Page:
Sure, they need lots of material to fill up empty cyberspace, but why do they want their own captive supply? There is an incredible amount of stuff available. It's very risky to align with only one.
The television networks-the prototype programming distribution system-haven't been allowed to own their own programs because of the monetary advantage they would have in the syndication market. But under new FCC rules they can own their own TV shows and reap the syndication rewards.
But the point is the networks won't own most of their shows.
"It wouldn't make any business sense for the networks to own all their own shows," Brian Reilly, managing editor of Electronic Media, told me. "The batting average on hits and misses is very low."
The thought occurs to me that if an aftermarket develops in cyberspace, pipeline companies are going to be at a disadvantage if they're only able to resell material from captive producers. Distributors with the broadest offerings will have a leg up.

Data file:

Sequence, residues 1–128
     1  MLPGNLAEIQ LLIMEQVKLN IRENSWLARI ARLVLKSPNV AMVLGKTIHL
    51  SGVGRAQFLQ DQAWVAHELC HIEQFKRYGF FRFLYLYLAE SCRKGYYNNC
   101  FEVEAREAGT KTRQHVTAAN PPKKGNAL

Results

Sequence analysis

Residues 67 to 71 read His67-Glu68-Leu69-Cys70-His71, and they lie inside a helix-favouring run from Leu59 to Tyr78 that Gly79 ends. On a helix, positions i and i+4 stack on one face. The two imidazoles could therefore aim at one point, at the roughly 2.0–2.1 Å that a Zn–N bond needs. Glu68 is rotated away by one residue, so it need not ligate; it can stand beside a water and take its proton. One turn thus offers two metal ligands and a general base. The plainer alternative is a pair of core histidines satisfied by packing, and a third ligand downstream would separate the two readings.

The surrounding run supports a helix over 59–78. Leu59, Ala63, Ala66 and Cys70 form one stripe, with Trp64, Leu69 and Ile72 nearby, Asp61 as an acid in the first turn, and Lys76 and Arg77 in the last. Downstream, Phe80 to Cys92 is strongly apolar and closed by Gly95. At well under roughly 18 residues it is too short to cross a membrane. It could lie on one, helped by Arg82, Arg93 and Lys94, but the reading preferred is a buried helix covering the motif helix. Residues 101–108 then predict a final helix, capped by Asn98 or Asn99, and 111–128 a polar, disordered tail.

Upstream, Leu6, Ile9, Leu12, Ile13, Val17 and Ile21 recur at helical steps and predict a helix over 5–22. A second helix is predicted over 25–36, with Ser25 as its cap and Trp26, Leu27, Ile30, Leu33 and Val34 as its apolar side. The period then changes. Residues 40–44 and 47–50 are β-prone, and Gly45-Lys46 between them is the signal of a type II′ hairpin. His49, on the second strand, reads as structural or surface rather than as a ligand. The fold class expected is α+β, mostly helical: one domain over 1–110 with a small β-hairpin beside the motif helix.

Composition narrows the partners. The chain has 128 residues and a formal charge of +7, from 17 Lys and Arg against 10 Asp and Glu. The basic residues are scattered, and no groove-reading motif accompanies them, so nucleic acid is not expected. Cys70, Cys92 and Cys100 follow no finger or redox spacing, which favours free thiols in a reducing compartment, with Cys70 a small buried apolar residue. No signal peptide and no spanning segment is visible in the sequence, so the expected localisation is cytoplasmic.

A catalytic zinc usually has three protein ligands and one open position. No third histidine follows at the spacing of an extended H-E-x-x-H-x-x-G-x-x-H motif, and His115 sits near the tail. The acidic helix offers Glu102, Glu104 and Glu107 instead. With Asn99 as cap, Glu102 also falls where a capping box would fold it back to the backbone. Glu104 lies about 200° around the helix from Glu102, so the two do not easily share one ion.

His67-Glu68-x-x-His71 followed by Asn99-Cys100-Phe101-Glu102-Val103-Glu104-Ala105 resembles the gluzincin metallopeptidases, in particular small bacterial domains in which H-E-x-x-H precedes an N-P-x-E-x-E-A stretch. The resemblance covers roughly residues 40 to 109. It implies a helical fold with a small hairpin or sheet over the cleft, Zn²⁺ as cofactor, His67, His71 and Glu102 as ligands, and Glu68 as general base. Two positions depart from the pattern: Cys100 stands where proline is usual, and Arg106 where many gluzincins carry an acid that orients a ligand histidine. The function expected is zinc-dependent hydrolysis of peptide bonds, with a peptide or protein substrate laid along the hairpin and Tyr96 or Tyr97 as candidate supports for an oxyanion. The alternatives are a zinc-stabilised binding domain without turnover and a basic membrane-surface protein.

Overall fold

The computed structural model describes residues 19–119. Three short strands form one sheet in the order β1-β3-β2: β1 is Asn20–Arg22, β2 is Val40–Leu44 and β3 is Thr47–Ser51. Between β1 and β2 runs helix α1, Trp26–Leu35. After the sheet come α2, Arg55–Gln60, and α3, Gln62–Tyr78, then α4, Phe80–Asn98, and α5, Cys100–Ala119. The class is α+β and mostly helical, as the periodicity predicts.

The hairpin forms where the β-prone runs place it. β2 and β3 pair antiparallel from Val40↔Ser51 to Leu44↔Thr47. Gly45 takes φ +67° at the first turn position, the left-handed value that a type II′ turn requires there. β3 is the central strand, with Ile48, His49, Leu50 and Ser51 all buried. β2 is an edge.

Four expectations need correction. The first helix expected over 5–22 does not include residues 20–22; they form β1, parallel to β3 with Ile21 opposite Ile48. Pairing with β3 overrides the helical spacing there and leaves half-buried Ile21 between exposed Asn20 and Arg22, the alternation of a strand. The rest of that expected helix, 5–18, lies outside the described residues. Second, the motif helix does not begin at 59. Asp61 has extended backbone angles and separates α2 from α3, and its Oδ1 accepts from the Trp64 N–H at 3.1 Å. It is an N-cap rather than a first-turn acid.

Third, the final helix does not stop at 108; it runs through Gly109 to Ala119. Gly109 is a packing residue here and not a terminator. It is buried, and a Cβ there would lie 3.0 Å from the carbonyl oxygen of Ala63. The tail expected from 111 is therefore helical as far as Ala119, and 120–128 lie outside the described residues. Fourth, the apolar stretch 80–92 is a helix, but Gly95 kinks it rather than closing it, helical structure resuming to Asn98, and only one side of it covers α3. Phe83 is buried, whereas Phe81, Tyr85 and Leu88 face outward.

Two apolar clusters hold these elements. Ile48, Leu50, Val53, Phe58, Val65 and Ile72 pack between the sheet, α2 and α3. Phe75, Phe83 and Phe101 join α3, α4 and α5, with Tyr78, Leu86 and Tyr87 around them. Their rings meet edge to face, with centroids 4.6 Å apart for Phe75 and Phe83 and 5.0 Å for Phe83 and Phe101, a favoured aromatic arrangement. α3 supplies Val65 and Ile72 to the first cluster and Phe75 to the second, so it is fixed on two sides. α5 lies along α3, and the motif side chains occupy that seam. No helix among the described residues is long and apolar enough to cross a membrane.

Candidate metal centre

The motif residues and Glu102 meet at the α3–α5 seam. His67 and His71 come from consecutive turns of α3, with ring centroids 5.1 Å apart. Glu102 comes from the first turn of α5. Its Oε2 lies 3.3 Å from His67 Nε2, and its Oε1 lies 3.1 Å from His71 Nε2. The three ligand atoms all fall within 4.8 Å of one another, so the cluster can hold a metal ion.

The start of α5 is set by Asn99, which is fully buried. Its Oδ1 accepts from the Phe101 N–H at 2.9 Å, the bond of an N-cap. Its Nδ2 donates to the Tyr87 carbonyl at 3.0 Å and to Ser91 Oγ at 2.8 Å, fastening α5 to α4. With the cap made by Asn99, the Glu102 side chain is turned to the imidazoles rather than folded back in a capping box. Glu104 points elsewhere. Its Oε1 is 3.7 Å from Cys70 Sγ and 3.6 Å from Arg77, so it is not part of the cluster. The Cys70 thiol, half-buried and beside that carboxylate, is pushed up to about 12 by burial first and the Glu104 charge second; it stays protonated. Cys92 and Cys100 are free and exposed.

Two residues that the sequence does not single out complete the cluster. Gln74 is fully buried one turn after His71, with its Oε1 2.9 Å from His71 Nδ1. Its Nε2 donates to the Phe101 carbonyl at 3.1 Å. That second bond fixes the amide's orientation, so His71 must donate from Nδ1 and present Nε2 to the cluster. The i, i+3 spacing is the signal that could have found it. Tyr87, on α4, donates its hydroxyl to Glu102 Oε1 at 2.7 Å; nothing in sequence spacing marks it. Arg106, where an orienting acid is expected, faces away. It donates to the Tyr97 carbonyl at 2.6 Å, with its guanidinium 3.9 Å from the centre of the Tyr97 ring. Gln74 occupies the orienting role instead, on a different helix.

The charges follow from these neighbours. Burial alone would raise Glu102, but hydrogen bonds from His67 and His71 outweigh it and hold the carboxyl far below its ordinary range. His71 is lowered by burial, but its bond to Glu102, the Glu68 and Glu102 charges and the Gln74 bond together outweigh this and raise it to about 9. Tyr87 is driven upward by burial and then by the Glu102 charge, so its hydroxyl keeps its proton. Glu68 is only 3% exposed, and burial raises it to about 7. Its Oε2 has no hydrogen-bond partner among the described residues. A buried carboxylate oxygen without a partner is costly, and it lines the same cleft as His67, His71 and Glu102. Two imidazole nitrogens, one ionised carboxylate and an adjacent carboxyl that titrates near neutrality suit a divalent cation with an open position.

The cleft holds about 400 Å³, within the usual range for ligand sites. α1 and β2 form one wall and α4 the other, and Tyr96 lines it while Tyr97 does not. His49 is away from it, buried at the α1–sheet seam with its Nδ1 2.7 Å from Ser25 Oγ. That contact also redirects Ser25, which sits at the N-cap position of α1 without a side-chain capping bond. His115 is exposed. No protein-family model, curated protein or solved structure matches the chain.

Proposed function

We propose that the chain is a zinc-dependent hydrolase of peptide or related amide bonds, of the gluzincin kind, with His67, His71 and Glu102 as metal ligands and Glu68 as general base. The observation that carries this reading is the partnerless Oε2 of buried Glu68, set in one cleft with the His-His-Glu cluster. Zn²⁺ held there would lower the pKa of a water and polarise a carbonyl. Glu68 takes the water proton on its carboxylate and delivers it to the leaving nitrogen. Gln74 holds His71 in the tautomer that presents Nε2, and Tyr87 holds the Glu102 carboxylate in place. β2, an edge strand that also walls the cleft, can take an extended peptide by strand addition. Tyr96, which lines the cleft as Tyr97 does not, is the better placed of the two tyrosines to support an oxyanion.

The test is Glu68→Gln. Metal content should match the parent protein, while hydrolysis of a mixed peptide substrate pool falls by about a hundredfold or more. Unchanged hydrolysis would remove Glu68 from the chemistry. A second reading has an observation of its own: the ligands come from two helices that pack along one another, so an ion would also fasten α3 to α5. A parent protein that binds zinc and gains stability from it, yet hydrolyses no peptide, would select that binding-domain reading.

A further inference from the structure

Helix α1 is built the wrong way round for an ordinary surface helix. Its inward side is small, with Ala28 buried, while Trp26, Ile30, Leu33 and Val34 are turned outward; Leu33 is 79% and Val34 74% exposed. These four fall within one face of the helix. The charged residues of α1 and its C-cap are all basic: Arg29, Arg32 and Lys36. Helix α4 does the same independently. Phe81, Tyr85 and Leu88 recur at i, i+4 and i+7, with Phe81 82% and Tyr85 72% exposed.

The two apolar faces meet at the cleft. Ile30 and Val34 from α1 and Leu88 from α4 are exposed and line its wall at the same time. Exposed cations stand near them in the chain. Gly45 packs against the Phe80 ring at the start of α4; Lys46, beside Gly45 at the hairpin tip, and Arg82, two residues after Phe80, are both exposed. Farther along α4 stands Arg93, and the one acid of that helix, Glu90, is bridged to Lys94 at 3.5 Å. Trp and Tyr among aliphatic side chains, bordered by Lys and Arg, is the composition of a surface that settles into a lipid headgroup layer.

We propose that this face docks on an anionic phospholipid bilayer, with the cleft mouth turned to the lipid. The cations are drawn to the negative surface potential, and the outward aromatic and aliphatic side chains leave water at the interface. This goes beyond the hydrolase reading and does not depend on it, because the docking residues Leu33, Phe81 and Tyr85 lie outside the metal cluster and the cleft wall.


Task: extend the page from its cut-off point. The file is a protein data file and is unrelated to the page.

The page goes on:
"The rush to marry hardware and software is quite similar to the media industry's frantic search for `synergy' in the late '80s," said Scott Donaton, Advertising Age's executive editor of interactive and new media.
What's driving all this activity, Scott contends, is fear. "Information providers fear they won't have a place to distribute their products in digital form, while communications networks fear they'll build a vast infrastructure ....and then have nothing to pour through it."
I think it's a lot like musical chairs. Both the hardware and the software people are afraid they'll be the only ones standing (alone and unaligned) when the music stops. But there are several big players who see no need for such an alignment. Disney has turned down the idea of buying a network when so many other distribution forms are available-home video, cable, pay-per-view, airline TV consoles, etc.
And AT&T also nixes the idea of joining forces with an information provider. "Companies announcing big alliances like MCI and News Corp. often end up in skeleton frames without any real flesh," said an AT&T spokesman. "We don't see any clear advantage to a distributor owning a content provider."
Besides, MCI's thrust seems to be on the business information and services side. I read how MCI might buy a business publisher, but how can the popular culture fare of Rupert Murdoch be of any help in that regard?
Scott believes both parties in any pipeline-product combination "are hurting themselves by limiting their options even as the number of options to the consumer explodes. Even if the alliances are not exclusive, competitors on both sides of the fence will shy away."
What it comes down to is the quality of the information being delivered, as Scott says. And no one supplier has a lock on quality.